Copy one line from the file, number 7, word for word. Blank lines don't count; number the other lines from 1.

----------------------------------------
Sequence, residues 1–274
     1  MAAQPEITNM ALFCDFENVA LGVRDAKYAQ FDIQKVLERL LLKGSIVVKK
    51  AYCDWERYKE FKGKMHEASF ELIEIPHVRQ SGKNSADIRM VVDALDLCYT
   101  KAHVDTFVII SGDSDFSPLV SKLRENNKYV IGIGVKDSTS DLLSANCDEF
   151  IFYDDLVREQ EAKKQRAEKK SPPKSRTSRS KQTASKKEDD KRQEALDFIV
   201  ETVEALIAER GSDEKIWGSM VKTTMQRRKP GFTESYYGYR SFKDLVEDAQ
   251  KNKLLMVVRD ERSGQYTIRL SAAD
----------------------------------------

   251  KNKLLMVVRD ERSGQYTIRL SAAD